RX bytes:1475 acl:0 sco:0 events:71 errors:0
TX bytes:351 acl:0 sco:0 commands:20 errors:0
Features: 0xff 0xff 0x8f 0xfe 0x9b 0xf9 0x00 0x80
Packet type: DM1 DM3 DM5 DH1 DH3 DH5 HV1 HV2 HV3
Name: 'My PBX’
Class: 0x4a0104
Service Classes: Networking, Capturing, Telephony
Device Class: Computer, Desktop workstation
HCI Ver: 2.0 (0x3) HCI Rev: 0xc5c LMP Ver: 2.0 (0x3) LMP Subver: 0xc5c
Manufacturer: Cambridge Silicon Radio (10)

HCITOOL SCAN finds the phone OK, but i can’t get it to pair. Will try again (i know this can be a bit cumbersome sometimes).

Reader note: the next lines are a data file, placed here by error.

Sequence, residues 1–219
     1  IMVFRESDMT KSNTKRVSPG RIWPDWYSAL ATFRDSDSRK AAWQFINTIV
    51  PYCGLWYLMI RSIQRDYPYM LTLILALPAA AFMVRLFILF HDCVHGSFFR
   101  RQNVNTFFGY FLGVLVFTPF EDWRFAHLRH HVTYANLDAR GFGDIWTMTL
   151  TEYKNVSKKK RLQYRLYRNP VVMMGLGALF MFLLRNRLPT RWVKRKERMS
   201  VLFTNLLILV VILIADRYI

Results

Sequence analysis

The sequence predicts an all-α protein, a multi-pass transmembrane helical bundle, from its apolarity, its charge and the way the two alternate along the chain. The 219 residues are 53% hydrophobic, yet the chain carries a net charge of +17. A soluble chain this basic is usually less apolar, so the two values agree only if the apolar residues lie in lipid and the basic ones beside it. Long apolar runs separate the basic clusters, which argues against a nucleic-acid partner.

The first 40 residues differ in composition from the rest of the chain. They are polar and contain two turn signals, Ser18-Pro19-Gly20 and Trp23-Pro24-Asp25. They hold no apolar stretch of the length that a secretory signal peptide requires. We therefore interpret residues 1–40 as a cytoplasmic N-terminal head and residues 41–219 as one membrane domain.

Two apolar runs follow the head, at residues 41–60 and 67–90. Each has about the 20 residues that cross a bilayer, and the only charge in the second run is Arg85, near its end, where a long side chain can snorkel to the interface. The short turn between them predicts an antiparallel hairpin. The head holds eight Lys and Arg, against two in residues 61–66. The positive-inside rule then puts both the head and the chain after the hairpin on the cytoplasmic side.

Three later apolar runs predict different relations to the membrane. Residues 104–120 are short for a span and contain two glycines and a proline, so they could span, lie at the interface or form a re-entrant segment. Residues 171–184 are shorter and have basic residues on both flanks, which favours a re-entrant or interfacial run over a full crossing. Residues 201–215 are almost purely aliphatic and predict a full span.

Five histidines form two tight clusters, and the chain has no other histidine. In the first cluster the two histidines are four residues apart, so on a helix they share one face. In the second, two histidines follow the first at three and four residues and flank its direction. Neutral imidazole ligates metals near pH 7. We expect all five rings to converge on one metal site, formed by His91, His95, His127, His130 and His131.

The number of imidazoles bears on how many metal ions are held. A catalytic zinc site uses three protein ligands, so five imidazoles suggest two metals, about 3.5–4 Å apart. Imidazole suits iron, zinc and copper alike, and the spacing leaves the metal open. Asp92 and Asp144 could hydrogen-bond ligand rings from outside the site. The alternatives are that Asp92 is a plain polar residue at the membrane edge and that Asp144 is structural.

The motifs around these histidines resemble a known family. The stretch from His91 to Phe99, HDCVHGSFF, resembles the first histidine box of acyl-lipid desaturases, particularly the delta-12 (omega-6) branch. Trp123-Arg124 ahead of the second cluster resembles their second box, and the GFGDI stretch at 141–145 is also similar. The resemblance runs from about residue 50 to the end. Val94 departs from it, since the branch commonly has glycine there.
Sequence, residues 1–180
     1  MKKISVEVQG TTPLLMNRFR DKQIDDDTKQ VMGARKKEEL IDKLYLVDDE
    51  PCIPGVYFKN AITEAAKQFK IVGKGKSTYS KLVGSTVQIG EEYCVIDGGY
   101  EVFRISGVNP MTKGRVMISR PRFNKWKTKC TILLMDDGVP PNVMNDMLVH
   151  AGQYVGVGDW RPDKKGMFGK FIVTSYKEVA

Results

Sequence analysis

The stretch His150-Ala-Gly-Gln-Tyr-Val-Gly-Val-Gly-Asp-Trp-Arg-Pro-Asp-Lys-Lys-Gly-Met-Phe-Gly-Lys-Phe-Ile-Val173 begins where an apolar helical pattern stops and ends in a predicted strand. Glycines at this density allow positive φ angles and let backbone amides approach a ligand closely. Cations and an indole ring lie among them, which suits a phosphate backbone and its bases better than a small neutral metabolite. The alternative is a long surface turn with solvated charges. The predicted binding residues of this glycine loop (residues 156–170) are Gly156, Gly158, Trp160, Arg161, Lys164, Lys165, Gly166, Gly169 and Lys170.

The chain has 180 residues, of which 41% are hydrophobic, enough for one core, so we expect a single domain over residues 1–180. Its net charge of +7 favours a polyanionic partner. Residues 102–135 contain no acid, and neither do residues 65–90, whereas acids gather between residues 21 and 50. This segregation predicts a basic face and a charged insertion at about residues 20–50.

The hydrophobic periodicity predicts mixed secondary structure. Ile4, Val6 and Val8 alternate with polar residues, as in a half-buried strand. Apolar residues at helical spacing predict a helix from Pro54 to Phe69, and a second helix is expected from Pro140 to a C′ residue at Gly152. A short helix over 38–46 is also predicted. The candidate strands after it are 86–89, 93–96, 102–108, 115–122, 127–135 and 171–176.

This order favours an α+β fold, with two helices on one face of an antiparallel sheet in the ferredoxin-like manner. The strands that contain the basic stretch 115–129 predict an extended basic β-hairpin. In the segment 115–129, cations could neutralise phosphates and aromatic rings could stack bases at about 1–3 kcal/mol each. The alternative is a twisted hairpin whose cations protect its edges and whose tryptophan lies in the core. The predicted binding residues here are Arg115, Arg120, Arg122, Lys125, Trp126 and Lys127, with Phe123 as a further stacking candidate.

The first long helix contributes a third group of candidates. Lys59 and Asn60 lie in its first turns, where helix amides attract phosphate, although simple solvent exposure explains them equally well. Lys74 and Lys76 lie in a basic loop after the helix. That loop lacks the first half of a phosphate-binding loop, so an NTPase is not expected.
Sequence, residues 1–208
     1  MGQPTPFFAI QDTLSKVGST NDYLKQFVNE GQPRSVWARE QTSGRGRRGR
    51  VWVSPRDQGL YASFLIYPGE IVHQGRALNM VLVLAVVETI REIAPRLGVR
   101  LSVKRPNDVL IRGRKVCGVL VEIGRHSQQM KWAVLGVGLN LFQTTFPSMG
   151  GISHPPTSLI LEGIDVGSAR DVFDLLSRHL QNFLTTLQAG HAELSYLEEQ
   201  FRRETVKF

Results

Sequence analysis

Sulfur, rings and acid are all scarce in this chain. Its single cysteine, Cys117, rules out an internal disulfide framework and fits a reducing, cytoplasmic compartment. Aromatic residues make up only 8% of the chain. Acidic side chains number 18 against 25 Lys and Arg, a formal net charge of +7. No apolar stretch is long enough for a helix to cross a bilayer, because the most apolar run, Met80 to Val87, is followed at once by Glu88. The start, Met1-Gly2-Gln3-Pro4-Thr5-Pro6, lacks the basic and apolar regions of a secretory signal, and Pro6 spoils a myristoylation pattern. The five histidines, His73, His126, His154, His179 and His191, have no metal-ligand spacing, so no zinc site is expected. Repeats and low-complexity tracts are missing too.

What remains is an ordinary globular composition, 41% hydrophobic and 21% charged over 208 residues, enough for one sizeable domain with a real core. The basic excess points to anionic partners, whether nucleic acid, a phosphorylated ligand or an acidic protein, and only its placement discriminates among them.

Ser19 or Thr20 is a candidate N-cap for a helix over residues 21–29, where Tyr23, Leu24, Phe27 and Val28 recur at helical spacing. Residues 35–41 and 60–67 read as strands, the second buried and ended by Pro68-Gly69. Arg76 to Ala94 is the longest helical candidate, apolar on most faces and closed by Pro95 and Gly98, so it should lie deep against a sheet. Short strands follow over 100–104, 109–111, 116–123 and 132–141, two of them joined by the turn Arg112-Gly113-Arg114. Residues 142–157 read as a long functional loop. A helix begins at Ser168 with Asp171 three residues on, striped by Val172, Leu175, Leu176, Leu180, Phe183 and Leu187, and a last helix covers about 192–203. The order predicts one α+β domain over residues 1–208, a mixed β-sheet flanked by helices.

Any joy now?

Running over this again, the major difference between my setup and yours is that I’m not running a standard distro, I’ve built my own setup. Therefore I was a bit ‘naughty’ and used the GUI-based bluetooth configuration utility (bluetooth-gnome) which runs under GNOME to do my initial phone/server pairing and change server name, pairing keys etc.

Because of the differing nature of the setups the bluetooth stack on my machine MAY be somewhat different to what you have. For instance I think you’ve modified your hcid.conf file to change the server bluetooth name, pairing key etc. If you refer to bullet 4 of my “It’s Working” post above - on my setup the settings in hcid.conf are actually stored in a specific directory for each bluetooth adapter found on the systems i.e. /var/lib/bluetooth/{BT address} There actually is no hcid.conf file on my system.

Small but possibly significant differences to get this working…